FirstGov nets Azimuth Awards for Barram, Brewer

FirstGov nets Azimuth Awards for Barram, Brewer

David J. Barram, former administrator of the General Services Administration (top) and Eric Brewer, co-founder of Inktomi Corp. (bottom).

By Tony Lee Orr

GCN Staff

MARCH 22'Two men who pushed the government toward its first major electronic-government success were lauded last night for FirstGov, the one-stop federal Web portal.

David J. Barram, former administrator of the General Services Administration, and Eric Brewer, co-founder of Inktomi Corp. of Foster City, Calif., each took home an Azimuth Award after a gala at Washington's Four Season's Hotel.

The Chief Information Officers Council selects Azimuth Award winners. This is the third year of the awards, which honor accomplishments that support federal information technology.

Brewer, whose company developed FirstGov, told the audience that the same ideas that made the Web portal at a success should be used for all e-government projects.

"You should think in quarters," Brewer said. "If you can't get something done in a quarter, you need to get a smaller problem. Don't choose to take a step if you know it's going to take you a year to take the step."

The government's CIOs and IT community made FirstGov happen, Barram told an audience that included many systems executives.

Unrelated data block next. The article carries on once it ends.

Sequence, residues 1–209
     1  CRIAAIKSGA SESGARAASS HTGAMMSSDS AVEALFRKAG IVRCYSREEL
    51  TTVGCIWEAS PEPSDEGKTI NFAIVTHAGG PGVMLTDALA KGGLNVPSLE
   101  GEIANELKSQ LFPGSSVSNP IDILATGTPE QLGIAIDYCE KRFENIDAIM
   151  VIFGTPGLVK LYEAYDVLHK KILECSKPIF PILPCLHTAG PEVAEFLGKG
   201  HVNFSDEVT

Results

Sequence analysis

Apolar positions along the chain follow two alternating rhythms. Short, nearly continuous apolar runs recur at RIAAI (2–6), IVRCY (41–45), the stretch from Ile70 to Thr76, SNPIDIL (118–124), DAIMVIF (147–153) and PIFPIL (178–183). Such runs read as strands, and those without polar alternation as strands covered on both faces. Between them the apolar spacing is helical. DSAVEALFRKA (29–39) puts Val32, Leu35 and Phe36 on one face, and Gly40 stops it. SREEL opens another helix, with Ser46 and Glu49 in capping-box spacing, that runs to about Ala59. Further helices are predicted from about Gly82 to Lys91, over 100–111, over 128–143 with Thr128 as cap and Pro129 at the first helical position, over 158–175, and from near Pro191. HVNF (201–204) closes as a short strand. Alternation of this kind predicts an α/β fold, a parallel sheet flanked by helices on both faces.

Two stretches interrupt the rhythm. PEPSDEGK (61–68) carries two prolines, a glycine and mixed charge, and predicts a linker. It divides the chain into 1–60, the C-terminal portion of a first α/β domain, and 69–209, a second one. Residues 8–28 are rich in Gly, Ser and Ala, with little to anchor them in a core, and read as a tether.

"You realized how important this was," Barram said. "You realized that there would be roadblocks but that we could start this anyway."

For Brewer, FirstGov was a vision. His desire to see it realized prompted him to donate millions of dollars worth of expertise to the project.

"I donated the money, not because it was particularly expensive-especially when compared to other government projects," Brewer said. "I donated the money because I knew we couldn't do it in 90 days if we had to go through regular funding."

He said the talent of the federal employees he worked with on the project surprised him.

"It takes ability to go someplace not knowing how things are going to turn out," Brewer said. "If you tried to make a plan and follow the plan for this type of project, you'd be wrong."

FirstGov took 90 days to build and provides links to every government Web page. It also lets users search for items by topic rather than by agency.

James Flyzik, CIO Council vice chairman and CIO of the Treasury Department, said FirstGov transformed industry's view of doing business with the government because it showed that the government can move at Internet speed-from idea to implementation.


  • Records management: Look beyond the NARA mandates

    Pandemic tests electronic records management

    Between the rush enable more virtual collaboration, stalled digitization of archived records and managing records that reside in datasets, records management executives are sorting through new challenges.

  • boy learning at home (Travelpixs/

    Tucson’s community wireless bridges the digital divide

    The city built cell sites at government-owned facilities such as fire departments and libraries that were already connected to Tucson’s existing fiber backbone.

Stay Connected